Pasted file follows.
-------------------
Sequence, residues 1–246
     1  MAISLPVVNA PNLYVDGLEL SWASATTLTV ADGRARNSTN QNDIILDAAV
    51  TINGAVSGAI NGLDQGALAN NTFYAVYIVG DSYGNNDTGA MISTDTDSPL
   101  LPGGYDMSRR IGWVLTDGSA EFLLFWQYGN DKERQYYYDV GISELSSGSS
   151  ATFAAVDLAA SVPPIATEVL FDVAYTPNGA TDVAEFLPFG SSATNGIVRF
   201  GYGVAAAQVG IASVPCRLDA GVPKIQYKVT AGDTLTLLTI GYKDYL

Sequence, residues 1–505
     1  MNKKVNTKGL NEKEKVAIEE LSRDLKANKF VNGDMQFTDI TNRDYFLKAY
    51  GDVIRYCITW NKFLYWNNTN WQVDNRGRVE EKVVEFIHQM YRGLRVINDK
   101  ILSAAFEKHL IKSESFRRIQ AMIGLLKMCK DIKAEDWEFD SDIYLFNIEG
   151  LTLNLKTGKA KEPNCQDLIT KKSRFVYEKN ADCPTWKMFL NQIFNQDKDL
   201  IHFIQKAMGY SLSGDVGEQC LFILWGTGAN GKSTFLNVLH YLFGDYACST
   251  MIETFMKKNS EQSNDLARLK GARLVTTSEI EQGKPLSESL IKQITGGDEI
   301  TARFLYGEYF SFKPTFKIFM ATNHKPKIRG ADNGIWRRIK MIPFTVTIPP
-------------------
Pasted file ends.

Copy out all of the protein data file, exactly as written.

Sequence, residues 1–246
     1  MAISLPVVNA PNLYVDGLEL SWASATTLTV ADGRARNSTN QNDIILDAAV
    51  TINGAVSGAI NGLDQGALAN NTFYAVYIVG DSYGNNDTGA MISTDTDSPL
   101  LPGGYDMSRR IGWVLTDGSA EFLLFWQYGN DKERQYYYDV GISELSSGSS
   151  ATFAAVDLAA SVPPIATEVL FDVAYTPNGA TDVAEFLPFG SSATNGIVRF
   201  GYGVAAAQVG IASVPCRLDA GVPKIQYKVT AGDTLTLLTI GYKDYL

Sequence, residues 1–505
     1  MNKKVNTKGL NEKEKVAIEE LSRDLKANKF VNGDMQFTDI TNRDYFLKAY
    51  GDVIRYCITW NKFLYWNNTN WQVDNRGRVE EKVVEFIHQM YRGLRVINDK
   101  ILSAAFEKHL IKSESFRRIQ AMIGLLKMCK DIKAEDWEFD SDIYLFNIEG
   151  LTLNLKTGKA KEPNCQDLIT KKSRFVYEKN ADCPTWKMFL NQIFNQDKDL
   201  IHFIQKAMGY SLSGDVGEQC LFILWGTGAN GKSTFLNVLH YLFGDYACST
   251  MIETFMKKNS EQSNDLARLK GARLVTTSEI EQGKPLSESL IKQITGGDEI
   301  TARFLYGEYF SFKPTFKIFM ATNHKPKIRG ADNGIWRRIK MIPFTVTIPP